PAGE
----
September 2018
Volume 18, Issue 10
Open Access
Vision Sciences Society Annual Meeting Abstract  |   September 2018
EEG Correlates of Contour Integration in Younger and Older Adults
Author Affiliations
  • Allison Sekuler
    Rotman Research Institute, Baycrest Health SciencesDepartment of Psychology, University of Toronto
  • Eugenie Roudaia
    Department of Psychology, Neuroscience & Behaviour, McMaster University
  • Ali Hashemi
    Department of Psychology, Neuroscience & Behaviour, McMaster University
  • Jessica Cali
    Department of Psychology, Neuroscience & Behaviour, McMaster University
  • Patrick Bennett
    Department of Psychology, Neuroscience & Behaviour, McMaster University
Journal of Vision September 2018, Vol.18, 798. doi:10.1167/18.10.798
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      Allison Sekuler, Eugenie Roudaia, Ali Hashemi, Jessica Cali, Patrick Bennett; EEG Correlates of Contour Integration in Younger and Older Adults. Journal of Vision 2018;18(10):798. doi: 10.1167/18.10.798.

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      © ARVO (1962-2015); The Authors (2016-present)

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Abstract

Detecting Gabor-defined contours in cluttered backgrounds requires integrating local orientation information across space. Older adults require longer stimulus durations than younger adults to integrate contours in dense clutter, although both groups are similarly affected by changes in contour element collinearity, with performance declining as collinearity decreases (Roudaia et al., 2013). Several EEG studies with younger adults have shown that contour grouping requires top-down information from parietal cortex and LOC to early visual areas (e.g., Volberg & Greenlee, 2014). Here, we examined EEG activity during a contour integration task in 12 younger and 12 older adults (mean ages 22.8 and 66.4 years) under single- and dual-task conditions. Stimuli comprised spiral-shaped Gabor contours embedded within an array of randomly-oriented Gabors, and contour salience was manipulated with 5 levels of collinearity. On each trial in the single-task condition, participants reported the quadrant containing the spiral contour's tail; in the dual-task condition, participants also reported the quadrant of a high-contrast element among background Gabors. As expected, contour discrimination performance varied with collinearity in both groups. The addition of a secondary task did not affect contour discrimination in the younger group, but significantly reduced performance in the older group. The pattern of event-related potentials did not differ between the single- and dual-task conditions, but differed across groups: Younger, but not older adults, showed an occipital positivity ~120 ms post stimulus-onset; both groups showed a strong occipital negativity at ~170 ms, with significantly greater amplitude for older adults; younger adults then showed a large positivity at ~300 ms, which was not apparent in older adults. The groups also differed in scalp distribution during the pre-stimulus interval, with younger adults showing a frontal positivity and occipital negativity, and older adults showing the reverse. Results suggest that the neural processes underlying contour integration change with age.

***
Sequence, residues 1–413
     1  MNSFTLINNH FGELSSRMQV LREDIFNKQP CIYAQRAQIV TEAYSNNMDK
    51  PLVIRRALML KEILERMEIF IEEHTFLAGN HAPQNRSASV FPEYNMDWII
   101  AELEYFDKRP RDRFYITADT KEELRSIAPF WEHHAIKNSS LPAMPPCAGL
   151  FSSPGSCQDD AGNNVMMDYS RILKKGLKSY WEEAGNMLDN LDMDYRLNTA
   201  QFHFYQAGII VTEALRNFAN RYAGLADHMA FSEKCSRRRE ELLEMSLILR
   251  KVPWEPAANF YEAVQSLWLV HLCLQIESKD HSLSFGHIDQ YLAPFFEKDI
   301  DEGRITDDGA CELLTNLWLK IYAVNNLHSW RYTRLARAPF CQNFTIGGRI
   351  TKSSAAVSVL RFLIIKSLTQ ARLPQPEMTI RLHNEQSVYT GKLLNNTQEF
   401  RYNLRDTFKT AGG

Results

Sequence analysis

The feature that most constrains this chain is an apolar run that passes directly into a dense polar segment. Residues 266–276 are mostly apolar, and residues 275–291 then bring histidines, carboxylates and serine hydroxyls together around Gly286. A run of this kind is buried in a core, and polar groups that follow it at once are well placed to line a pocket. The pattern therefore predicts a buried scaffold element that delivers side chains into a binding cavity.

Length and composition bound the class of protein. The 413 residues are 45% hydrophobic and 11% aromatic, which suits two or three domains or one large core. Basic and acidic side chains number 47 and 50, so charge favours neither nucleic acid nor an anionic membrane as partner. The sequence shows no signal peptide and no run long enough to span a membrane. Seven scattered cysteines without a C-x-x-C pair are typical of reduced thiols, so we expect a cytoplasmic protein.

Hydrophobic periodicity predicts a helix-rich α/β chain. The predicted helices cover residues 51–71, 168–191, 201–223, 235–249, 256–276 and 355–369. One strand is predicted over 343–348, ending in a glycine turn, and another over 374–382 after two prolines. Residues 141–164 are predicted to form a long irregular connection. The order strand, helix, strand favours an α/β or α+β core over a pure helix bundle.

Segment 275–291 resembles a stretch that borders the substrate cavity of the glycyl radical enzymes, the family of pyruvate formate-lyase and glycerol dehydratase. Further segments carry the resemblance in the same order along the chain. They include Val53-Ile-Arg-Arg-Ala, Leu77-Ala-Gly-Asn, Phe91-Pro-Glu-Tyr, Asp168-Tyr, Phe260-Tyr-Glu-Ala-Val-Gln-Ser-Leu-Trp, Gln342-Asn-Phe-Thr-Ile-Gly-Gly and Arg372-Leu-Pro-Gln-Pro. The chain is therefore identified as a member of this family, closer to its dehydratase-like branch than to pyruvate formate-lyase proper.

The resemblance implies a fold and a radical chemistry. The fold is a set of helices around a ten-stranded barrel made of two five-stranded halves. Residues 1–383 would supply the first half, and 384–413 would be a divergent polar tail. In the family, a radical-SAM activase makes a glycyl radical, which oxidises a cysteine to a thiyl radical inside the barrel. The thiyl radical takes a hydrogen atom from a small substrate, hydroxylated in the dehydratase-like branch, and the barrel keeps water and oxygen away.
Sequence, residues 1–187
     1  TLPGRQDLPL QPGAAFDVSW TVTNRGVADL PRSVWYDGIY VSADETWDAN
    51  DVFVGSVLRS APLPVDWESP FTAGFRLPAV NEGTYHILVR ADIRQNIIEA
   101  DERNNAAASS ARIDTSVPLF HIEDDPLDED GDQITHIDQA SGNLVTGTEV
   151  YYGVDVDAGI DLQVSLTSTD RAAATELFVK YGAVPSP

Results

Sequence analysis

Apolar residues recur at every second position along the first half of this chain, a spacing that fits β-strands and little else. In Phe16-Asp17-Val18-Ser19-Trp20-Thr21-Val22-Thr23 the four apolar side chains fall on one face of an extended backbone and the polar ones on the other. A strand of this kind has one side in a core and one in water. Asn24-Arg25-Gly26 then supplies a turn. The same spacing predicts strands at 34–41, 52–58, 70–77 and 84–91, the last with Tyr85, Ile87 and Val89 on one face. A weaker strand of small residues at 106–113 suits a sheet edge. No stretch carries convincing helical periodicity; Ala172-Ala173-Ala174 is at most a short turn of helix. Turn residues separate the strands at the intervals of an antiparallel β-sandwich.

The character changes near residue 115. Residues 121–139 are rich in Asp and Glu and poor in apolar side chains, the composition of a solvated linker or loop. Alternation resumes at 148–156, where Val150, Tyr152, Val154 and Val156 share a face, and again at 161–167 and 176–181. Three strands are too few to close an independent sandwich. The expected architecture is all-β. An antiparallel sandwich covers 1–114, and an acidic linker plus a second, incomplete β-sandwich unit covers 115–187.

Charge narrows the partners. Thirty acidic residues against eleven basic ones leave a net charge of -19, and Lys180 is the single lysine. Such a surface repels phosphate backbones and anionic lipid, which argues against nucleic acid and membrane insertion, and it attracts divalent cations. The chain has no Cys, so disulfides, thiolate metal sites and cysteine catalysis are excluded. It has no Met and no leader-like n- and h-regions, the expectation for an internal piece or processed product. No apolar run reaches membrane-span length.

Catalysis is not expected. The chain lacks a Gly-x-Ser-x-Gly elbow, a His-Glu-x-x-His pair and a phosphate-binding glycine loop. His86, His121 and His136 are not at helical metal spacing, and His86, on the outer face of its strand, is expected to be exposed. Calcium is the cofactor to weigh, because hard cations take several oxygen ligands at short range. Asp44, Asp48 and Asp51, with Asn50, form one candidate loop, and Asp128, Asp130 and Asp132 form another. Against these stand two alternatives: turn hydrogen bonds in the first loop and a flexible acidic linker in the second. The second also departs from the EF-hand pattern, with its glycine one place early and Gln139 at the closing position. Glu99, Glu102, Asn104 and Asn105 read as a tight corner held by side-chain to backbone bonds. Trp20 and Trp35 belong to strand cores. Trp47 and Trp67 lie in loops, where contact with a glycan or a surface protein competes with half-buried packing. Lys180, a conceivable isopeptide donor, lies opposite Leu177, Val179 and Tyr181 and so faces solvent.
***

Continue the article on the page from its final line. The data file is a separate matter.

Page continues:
Meeting abstract presented at VSS 2018

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